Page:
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Members on the Move

Many Congressmen and Women Pursue Athletic Pastimes

Some Members might call life on Capitol Hill an adventure.

But they probably haven’t scaled the side of Mount Everest or surfed the swells off the coast of Wales like some of their colleagues have.

Aside from the professional athletes who occasionally grace the Capitol halls, Congress has many serious sports enthusiasts who participate in activities as grueling as long- distance biking, as adrenaline-pumping as kayaking and as traditional as golf and tennis.

“One of the things that we’re doing is to try to get every Member to do something physical,” said Rep. Zach Wamp (R-Tenn.), who helped found the Congressional Fitness Caucus this past February. “It doesn’t matter what you’ve been doing — what you need to do is to take on more physical activity.”

Rep. Dana Rohrabacher (R-Calif.) has long taken that message to heart.

“In my district there’s a good deal of the year that you’re in clothes that are really revealing, so you want to be in pretty good shape,” Rohrabacher said.

He bikes and pumps iron in the gym on a regular basis. But above all, he likes to surf.

Although the 56-year-old Rohrabacher learned to surf in high school, he quickly ditched his first $20 board, which he bought from a police officer, and shifted to the boardless sport of body surfing because the “really big and really heavy” boards at the time made conventional surfing less appealing, he said.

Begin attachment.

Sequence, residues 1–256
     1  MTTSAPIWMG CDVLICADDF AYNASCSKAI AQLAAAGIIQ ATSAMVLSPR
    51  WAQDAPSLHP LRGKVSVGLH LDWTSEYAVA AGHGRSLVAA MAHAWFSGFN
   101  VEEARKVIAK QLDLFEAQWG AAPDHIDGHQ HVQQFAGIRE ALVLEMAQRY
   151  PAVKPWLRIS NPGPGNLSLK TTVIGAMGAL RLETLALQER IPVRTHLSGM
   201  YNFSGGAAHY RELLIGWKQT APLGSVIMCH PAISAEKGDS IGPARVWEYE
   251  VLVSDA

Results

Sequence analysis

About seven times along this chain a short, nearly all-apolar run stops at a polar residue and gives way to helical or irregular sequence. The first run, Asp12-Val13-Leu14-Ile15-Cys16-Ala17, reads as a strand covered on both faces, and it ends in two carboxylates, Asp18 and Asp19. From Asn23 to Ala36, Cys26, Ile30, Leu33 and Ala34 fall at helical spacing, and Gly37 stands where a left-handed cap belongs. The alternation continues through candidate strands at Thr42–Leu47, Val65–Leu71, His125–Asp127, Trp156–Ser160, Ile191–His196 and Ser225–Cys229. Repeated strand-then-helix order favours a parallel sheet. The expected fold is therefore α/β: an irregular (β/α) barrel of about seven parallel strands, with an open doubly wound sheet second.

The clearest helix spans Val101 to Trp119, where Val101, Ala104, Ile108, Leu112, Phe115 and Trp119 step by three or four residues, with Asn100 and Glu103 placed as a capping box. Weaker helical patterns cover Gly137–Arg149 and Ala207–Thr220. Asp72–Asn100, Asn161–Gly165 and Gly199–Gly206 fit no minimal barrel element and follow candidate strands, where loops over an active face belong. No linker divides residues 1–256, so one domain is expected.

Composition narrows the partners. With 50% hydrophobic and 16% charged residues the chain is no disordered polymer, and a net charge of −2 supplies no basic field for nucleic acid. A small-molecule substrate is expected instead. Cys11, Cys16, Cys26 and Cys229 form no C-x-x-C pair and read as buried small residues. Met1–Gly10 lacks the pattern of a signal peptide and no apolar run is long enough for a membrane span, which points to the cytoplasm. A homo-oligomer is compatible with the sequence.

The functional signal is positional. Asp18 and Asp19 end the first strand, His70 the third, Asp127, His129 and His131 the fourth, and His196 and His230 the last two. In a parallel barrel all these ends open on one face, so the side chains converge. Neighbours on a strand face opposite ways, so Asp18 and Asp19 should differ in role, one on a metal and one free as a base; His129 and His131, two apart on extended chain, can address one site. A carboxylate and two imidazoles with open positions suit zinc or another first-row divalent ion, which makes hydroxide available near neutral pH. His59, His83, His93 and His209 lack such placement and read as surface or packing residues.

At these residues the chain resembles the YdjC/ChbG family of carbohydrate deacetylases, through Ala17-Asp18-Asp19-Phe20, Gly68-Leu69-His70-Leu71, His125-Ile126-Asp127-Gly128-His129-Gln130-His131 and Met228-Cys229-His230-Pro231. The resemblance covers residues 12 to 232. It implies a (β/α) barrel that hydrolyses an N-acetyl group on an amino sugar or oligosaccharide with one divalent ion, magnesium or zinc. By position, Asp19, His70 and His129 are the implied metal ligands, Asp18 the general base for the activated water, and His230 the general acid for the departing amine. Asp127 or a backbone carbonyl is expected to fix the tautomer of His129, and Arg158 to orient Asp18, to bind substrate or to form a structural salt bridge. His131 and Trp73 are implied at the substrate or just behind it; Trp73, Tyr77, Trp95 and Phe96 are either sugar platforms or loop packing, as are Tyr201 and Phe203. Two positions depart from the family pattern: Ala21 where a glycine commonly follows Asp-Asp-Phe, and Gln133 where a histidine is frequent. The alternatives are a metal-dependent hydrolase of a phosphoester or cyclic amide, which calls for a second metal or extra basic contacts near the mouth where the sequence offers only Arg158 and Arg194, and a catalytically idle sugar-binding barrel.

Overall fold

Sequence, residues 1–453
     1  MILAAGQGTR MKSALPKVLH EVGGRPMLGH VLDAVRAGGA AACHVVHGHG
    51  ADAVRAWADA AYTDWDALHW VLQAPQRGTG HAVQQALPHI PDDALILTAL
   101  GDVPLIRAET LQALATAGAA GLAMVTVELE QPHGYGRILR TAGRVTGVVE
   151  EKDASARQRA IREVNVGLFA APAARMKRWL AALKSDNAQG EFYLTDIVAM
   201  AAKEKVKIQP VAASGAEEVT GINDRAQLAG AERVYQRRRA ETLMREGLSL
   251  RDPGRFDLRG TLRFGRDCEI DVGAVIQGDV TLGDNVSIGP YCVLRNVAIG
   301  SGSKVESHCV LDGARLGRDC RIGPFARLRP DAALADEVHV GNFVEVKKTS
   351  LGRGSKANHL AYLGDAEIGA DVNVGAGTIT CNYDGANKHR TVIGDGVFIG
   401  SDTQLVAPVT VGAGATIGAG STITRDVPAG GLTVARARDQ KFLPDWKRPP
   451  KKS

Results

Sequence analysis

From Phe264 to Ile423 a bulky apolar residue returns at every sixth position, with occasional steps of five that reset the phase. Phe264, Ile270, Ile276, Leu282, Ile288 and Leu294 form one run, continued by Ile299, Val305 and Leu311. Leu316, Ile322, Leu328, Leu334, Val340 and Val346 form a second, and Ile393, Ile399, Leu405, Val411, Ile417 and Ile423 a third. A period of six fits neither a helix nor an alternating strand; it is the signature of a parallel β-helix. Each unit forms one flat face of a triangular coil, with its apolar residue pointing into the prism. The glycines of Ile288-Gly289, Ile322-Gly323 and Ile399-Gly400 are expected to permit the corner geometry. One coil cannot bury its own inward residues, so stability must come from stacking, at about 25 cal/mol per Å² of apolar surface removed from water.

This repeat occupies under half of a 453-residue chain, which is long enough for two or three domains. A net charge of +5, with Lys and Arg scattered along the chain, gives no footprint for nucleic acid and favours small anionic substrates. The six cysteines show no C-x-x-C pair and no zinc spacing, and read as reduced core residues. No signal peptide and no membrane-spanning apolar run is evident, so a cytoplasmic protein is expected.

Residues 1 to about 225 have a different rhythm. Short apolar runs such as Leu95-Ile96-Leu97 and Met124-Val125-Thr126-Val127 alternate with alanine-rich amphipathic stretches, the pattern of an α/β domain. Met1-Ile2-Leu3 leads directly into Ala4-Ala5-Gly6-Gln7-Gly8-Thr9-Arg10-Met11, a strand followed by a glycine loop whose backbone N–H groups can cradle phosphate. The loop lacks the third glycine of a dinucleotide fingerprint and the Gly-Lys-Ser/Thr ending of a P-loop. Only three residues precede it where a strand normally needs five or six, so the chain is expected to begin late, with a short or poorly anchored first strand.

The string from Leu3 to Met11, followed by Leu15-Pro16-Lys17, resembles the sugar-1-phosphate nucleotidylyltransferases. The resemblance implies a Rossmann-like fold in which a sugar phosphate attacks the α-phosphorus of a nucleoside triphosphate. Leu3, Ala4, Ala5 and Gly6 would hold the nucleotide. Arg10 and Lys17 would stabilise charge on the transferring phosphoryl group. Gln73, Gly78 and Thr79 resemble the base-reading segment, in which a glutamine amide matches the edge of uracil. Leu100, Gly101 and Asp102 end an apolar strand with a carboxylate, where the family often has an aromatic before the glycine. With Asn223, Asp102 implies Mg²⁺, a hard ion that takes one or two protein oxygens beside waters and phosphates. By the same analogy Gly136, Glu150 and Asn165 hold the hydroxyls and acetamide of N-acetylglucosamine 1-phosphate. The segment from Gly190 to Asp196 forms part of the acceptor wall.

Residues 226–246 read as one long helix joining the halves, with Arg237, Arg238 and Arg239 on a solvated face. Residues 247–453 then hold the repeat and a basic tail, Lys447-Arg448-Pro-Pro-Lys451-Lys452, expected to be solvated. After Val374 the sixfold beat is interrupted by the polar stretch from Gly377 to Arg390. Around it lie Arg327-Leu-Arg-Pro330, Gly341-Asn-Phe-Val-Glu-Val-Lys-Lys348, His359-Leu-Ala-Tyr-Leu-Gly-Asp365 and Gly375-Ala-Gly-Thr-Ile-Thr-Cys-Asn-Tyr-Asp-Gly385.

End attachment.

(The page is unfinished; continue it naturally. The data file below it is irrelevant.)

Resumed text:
But shortly after the Golden State Representative was elected in 1988, fate reunited Rohrabacher with his district’s unofficial pastime.

“After I got elected to Congress, this girl came up to me,” he said. “She was 18 and she said, ‘I know you were a surfer and I entered you in a surf contest in Huntington Beach.’”

Sensing Rohrabacher’s reluctance, the woman explained that the contest was raising money for a surf museum. She further encouraged him by saying that today’s boards are a lot more fun because they are light and have a leash.

“The next morning I went out surfing with her, and I’ve been surfing every free moment since then,” Rohrabacher said. “And I married her five years ago.”

His future wife, Rhonda Carmony, won the contest. The Congressman ended up participating in the contest, saying he even “caught a few waves.”

“My main goal was not to look like a fool and not to have to be saved by the lifeguards,” he said.

Since then, Rohrabacher has gained notoriety in and out of the water. He described, in a flawless surfer drawl, how constituents will occasionally “see me in the water and paddle up to me and say, ‘Hey bro, I heard you’re the Congressman.’”

He acknowledges that he’s not a “great surfer” — “In my Congressional district, I would be a moderate surfer at best,” he says — but he can claim one superlative: “I’m the best surfer in Congress.”

On a recent trip to the United Kingdom with Speaker Dennis Hastert (R-Ill.), Rohrabacher got to show off his skills. He and his wife found a surfing beach in Wales.

“We begged some boards and surfed,” he said of the last-minute adventure. “The surfing was great. It was just terrific.”

Another longtime surfer is Sen. Ted Stevens (R-Alaska). The 79-year-old Stevens, who has his surfboard mounted on his Hart Building office wall, picked up surfing while growing up in Manhattan Beach, Calif. The President Pro Tem fondly recalls taking surfing trips up and down the California coast as a teenager while living out of a 1931 Pontiac with a home-built roof rack.

Stevens said the most famous beach he ever surfed was Waikiki Beach, Hawaii, where he stopped on his way home from serving in China during World War II.